British foraging favourites to find in autumn

The countryside is full of edible goodies all year round – you just have to know how to seek them out. My favourite autumn finds are perfect for beginner foragers.

Foraging in autumn in Britain

Foraging in autumn

Nettles: Found almost everywhere in Britain all year round, nettles are high in vitamins and minerals and make a surprisingly tasty soup (try my easy nettle soup recipe) or served like spinach, sprinkled with parmesan. They’re very easy to identify, too, making them an easy beginner forage. Wear gloves, pick only young, healthy plants and boil in water to get rid of the sting.

Seeds: Any collected from the mustard family – such as shepherds purse, garlic mustard and horseradish – can be used as home-grown pepper to add a subtle kick to dishes. Fennel and dill seeds are sweet and aromatic, and when dried work well with fish.

Acorns: Wild food gourmets swear by acorns. They’re an acquired taste when raw, as they are high in tannin, but they can be crushed into a flour that’s perfect for adding a nutty taste when making muffins or bread. Follow this recipe to make acorn flour.

Mushrooms: Now is the perfect time to collect the fungi that are popping their heads up into leaf-strewn fields. There are some delicious specimens to be found in our woodlands, including cep, giant puffballs, field mushrooms and wood blewitt (this list of British mushrooms includes photos). But exercise caution and take a guidebook or better, an expert guide, as some common mushrooms as easily confused with poisonous varieties. When you’ve identified safe specimens try them coated in breadcrumbs or dried and used in risotto.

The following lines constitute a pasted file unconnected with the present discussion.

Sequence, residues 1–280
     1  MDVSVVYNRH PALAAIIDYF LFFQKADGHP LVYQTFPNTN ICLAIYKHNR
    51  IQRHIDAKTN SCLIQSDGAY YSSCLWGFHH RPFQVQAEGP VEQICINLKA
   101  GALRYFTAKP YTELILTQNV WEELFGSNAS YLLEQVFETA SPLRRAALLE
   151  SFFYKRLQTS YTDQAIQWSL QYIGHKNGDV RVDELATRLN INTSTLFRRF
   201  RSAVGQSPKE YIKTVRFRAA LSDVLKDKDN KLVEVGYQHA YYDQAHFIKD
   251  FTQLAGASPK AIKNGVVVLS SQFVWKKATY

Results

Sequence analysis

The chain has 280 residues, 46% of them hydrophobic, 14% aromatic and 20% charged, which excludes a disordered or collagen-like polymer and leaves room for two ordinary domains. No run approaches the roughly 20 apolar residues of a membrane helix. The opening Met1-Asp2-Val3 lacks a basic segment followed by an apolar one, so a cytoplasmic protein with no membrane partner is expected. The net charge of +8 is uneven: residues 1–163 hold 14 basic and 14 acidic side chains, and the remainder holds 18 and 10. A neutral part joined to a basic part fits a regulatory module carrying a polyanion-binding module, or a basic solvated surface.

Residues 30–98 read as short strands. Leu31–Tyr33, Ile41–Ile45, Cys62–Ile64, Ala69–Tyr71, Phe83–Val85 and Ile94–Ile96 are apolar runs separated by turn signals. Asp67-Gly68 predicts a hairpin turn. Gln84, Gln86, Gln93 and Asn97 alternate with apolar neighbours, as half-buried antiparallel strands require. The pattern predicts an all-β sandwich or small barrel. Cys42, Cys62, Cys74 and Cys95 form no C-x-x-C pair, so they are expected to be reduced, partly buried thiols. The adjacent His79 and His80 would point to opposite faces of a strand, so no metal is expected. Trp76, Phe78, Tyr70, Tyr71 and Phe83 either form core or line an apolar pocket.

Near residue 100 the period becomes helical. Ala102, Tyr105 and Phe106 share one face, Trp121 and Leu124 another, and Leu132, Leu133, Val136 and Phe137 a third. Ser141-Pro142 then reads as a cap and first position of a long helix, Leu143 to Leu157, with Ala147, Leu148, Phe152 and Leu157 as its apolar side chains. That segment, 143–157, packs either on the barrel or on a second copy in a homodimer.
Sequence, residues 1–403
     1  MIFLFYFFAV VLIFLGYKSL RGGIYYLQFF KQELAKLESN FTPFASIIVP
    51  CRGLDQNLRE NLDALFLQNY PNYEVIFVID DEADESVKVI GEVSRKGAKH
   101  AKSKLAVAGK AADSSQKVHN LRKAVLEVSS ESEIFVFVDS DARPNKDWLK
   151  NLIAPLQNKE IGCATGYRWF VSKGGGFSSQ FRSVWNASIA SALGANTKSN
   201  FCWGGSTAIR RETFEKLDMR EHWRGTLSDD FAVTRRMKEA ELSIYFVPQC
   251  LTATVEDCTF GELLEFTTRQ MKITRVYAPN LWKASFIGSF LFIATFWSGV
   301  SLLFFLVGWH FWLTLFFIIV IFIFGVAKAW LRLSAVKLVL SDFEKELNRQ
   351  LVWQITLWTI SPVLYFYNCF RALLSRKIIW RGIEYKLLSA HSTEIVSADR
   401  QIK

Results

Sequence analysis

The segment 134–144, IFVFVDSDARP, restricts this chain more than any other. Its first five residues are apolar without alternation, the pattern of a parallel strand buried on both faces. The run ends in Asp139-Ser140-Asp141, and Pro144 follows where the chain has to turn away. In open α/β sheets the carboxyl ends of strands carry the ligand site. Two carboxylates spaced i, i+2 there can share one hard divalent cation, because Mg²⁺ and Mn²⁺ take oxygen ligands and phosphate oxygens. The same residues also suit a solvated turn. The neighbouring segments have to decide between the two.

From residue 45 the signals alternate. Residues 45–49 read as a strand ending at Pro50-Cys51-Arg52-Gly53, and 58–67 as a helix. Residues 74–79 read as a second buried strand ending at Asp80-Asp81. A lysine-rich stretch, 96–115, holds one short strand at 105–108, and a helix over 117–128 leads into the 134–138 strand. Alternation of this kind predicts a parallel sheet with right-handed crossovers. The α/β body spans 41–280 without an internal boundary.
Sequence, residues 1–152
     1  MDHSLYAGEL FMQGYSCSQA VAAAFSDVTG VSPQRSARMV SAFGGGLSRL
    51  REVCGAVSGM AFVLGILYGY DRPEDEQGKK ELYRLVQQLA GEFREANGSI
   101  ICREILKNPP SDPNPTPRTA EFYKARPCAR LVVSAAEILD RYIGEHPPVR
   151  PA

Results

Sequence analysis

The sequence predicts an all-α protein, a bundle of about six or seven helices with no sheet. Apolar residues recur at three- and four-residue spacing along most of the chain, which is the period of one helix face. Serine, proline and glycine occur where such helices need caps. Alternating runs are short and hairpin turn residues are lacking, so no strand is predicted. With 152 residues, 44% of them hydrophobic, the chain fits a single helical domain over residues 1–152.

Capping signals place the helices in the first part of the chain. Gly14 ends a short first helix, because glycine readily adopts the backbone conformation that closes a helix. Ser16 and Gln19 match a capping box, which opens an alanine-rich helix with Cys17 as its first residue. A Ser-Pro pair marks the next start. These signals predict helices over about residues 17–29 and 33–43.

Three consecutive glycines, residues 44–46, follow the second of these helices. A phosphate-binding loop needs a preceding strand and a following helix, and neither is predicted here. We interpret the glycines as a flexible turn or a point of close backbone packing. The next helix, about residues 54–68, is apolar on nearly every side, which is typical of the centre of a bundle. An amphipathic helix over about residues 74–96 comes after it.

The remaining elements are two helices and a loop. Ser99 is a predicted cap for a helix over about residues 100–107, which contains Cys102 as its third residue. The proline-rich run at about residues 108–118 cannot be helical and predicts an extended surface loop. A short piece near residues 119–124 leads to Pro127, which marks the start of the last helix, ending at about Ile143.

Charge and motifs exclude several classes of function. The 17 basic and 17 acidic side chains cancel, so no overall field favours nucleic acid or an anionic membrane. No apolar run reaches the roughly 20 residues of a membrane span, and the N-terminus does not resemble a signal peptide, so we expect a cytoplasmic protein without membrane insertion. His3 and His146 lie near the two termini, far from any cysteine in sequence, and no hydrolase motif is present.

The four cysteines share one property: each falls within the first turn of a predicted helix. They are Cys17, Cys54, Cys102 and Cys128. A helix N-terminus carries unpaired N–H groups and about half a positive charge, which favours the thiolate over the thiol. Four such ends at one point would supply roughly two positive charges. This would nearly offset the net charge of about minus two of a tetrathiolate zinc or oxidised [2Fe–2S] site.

Hazelnuts: You’ll spot hazelnuts on on the ground beneath the small trees or bushes they have grown on, and if they are recent windfalls they are likely to be good for eating. Delicious baked in cakes, used to make nougat or ground and made into hazelnut spread.

Sweet chestnuts: Not to be mistaken with horse chestnuts (conkers), which are not edible – the difference is that sweet chestnuts grow in spiky cases. Chestnuts are good eaten raw, baked, roasted (with a small slit in them to avoid explosions) or made into puree.

Elderberries: These juicy black berries that are often so plentiful they weigh down their branches and beg to be picked. Elderberries can be combined with blackberries in jellies and jams and are excellent added to apple pie or used to make a potent liquor.

Blackberries: Ripest in September and October and extremely easy to find and identify – a lovely forage with children. Their high sugar content makes them ideal for making homemade wine and cordials as well as pies, crumbles, puddings, jams and jellies.

Rosehips: Rosehips are abundant in British hedgerows in autumn and early winter, and are easily recognisable – fat, bright red buds with spiky black ends. They are a bit of a wonder food – high in vitamins C, A and B and rich in antioxidants, they are used to make syrups, jams, jellies, even bread and pies. If you’re a bit of a beginner in the foraging stakes, start off with my healthy and delicious rosehip tea recipe, which is fantastic for beating winter colds.

Crab Apples: This small tree is the ancestor of all cultivated varieties of apple, and although crab apples can be rather sharp and unpalatable raw they make brilliant jams and ciders.

Sloes:  Again too acidic to eat but perfect for making a no-fuss sloe gin by simply adding fresh, washed sloes and sugar to gin and letting sit – a fun foraged Christmas present.

Hops: Found in hedgerows and clambering up small trees, fences and poles. Hops are ready to pick by mid-September and as well as being a main ingredient for making homemade beer, they can be dried and used to stuff a herbal pillow to help in getting a good night’s sleep.